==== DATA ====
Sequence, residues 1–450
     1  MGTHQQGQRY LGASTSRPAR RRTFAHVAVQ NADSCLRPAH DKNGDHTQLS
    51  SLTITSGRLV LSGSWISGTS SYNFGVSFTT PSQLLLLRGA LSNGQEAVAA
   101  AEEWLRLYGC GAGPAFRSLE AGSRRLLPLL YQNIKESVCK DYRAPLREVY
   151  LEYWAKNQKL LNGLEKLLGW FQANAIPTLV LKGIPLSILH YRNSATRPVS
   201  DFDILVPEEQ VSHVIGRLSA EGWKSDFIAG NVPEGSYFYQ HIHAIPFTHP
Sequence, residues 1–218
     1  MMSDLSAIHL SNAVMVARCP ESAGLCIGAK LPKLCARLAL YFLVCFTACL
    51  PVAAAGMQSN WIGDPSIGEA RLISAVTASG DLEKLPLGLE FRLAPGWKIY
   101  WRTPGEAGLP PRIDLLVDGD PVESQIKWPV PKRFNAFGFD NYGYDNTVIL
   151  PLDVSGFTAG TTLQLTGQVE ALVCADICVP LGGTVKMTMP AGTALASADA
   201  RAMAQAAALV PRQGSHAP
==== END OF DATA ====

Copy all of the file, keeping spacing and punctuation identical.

Sequence, residues 1–450
     1  MGTHQQGQRY LGASTSRPAR RRTFAHVAVQ NADSCLRPAH DKNGDHTQLS
    51  SLTITSGRLV LSGSWISGTS SYNFGVSFTT PSQLLLLRGA LSNGQEAVAA
   101  AEEWLRLYGC GAGPAFRSLE AGSRRLLPLL YQNIKESVCK DYRAPLREVY
   151  LEYWAKNQKL LNGLEKLLGW FQANAIPTLV LKGIPLSILH YRNSATRPVS
   201  DFDILVPEEQ VSHVIGRLSA EGWKSDFIAG NVPEGSYFYQ HIHAIPFTHP
Sequence, residues 1–218
     1  MMSDLSAIHL SNAVMVARCP ESAGLCIGAK LPKLCARLAL YFLVCFTACL
    51  PVAAAGMQSN WIGDPSIGEA RLISAVTASG DLEKLPLGLE FRLAPGWKIY
   101  WRTPGEAGLP PRIDLLVDGD PVESQIKWPV PKRFNAFGFD NYGYDNTVIL
   151  PLDVSGFTAG TTLQLTGQVE ALVCADICVP LGGTVKMTMP AGTALASADA
   201  RAMAQAAALV PRQGSHAP